Act V of 2020: The Creation of Cell Companies in Shipping and Aviation Industries
News    ·   18-03-2020
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AUTHOR: Steve Decesare; Krista Ellul

On the 3rd of March 2020, Act V of 2020 was published, providing for amendments to several laws, including in particular the Companies Act, Chapter 386 of the laws of Malta (the “Companies Act”). One such amendment relates to the possibility of companies operating in the shipping and, or aviation sectors to convert into cell companies. This has been catered for by virtue of the inclusion of a new Article 84E in the Companies Act which effectively allows the Minister responsible to regulate and provide for the formation and conversion of such companies into cell companies.[1]

The Companies Act defines a cell company as one which creates ‘within itself one or more cells for the purpose of segregating and protecting the cellular assets of the company in such manner as may be prescribed’. Accordingly, the cell is treated as a separate legal entity which allows for the segregation of assets and liabilities pertaining to the individual cell, from the assets and liabilities of the non-cellular part (the core). A cell company may have more than one cell and each cell is treated independently of, as well as protected from, any other cells forming part of the same cell company.

Prior to the publication of Act V of 2020, the creation and, or conversion of cell companies was only considered in the context of insurance and securitisation. The new Article 84E is an enabling provision which allows the Minister to extend this possibility to companies ‘engaged in shipping or aviation business[2]. For the purposes of this article, the term ‘shipping or aviation business’ includes the ownership, operation, administration and management of any ship, aircraft or aircraft engine as well the execution of any ancillary financial, security, commercial and other activities in connection therewith. This definition also applies to the parent company and, or the company which holds shares or other equity interests in an undertaking (whether incorporated in Malta or otherwise) established solely or mainly for the carrying out of the activities listed above. Moreover, the term ‘engaged in shipping or aviation business’ also extends to the raising of capital through loans, the issue of guarantees and, or securities for the purpose of achieving any of the abovementioned objects or activities, whether for itself or for another group company.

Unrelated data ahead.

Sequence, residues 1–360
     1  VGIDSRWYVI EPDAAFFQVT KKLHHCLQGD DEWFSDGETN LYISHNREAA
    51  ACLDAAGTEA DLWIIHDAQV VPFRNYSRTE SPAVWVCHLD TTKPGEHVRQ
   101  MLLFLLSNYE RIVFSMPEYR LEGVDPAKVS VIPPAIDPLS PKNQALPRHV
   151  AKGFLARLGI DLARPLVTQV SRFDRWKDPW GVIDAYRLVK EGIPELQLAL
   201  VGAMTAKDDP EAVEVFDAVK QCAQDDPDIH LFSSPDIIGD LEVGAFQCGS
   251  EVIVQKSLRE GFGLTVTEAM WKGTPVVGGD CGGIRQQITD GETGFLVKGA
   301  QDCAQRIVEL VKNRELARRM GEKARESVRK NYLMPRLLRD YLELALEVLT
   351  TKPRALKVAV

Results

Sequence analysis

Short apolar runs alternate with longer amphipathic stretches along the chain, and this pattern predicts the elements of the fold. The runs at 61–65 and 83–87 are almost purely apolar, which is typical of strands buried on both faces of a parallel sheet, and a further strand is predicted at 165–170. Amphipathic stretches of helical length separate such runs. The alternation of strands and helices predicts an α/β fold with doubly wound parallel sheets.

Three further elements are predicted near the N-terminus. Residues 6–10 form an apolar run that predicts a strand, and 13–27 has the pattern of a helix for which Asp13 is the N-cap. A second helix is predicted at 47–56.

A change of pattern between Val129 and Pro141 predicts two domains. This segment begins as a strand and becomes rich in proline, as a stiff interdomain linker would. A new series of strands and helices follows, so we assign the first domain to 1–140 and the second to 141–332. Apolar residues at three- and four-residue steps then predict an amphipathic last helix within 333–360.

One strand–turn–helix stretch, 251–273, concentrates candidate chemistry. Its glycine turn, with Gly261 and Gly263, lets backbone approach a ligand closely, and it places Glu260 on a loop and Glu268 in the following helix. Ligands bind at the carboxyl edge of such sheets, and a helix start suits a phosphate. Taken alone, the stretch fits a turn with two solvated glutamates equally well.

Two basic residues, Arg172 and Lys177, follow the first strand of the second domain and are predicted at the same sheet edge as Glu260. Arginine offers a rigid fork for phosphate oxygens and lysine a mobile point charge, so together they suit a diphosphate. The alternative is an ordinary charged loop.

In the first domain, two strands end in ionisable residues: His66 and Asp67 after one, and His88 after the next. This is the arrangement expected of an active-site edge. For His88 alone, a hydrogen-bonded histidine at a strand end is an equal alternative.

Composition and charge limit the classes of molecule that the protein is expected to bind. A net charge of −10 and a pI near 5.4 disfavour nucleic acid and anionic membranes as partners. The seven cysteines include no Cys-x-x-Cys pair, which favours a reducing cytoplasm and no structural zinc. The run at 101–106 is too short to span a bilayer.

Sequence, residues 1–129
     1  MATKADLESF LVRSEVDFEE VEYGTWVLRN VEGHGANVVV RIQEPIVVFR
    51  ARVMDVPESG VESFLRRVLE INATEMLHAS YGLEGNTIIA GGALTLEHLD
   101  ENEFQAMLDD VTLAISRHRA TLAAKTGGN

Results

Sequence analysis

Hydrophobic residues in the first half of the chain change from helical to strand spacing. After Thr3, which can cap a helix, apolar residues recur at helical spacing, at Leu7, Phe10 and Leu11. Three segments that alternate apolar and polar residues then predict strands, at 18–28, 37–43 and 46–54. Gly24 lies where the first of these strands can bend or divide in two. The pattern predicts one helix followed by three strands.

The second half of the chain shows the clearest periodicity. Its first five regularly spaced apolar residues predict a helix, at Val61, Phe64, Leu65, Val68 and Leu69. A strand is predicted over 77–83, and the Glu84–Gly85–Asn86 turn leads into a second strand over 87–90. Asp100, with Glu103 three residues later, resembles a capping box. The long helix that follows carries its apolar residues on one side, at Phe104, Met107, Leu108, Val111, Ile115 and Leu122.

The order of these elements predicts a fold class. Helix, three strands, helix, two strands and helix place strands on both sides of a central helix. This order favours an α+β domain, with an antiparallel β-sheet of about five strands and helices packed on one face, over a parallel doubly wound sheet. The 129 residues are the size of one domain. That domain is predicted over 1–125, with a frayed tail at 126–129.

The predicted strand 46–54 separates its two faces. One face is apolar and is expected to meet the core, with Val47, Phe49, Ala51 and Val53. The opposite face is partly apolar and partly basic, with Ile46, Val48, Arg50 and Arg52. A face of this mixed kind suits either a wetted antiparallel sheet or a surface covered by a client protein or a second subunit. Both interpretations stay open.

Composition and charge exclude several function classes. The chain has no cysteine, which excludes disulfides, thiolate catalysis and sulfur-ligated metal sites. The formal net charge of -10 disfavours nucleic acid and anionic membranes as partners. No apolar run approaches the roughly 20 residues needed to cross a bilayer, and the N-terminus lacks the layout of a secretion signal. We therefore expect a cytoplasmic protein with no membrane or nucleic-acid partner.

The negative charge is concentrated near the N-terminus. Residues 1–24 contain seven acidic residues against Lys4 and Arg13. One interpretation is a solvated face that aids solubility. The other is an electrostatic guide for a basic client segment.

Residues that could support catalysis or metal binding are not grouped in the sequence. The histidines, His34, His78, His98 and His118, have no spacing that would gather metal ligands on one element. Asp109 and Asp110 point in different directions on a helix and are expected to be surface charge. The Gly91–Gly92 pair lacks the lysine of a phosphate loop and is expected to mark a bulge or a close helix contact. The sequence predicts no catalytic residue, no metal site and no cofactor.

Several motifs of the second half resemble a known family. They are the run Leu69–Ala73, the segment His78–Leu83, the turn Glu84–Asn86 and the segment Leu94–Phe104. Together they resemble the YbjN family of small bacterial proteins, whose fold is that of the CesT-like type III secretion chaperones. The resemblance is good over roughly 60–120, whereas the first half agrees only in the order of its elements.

Any reference to the term ‘company’ is not simply limited to companies in the strict sense but is deemed to include the partnership en commandite or any similar equivalent body corporate insofar as its capital is divided into shares.

The possibility of shipping and aviation companies to benefit from this cell company structure, necessitates the fulfilment of certain legislative requirements as detailed in Article 84E. However, if and when this possibility is appropriately extended, we envisage that the structuring and ring-fencing of the cell company will prove to be an innovative further plus-point for Malta’s already market-leading stature in shipping and ever-growing position in aviation. If the success of the Protected Cell Company (PCC) model in the business of insurance is anything to go by, then this development augurs well for the aviation and shipping industries.

For more information, please contact Malcom Falzon at malcolm.falzon@camilleripreziosi.com or Steve Decesare at steve.decesare@camilleripreziosi.com.



[1] As a result of Legal Notice 59 of 2020, Article 23 of Act V of 2020, which caters for the inclusion of Article 84E in the Companies Act, came into force on the 4th of March 2020.

[2] The Minister has not, to date, promulgated such regulations.

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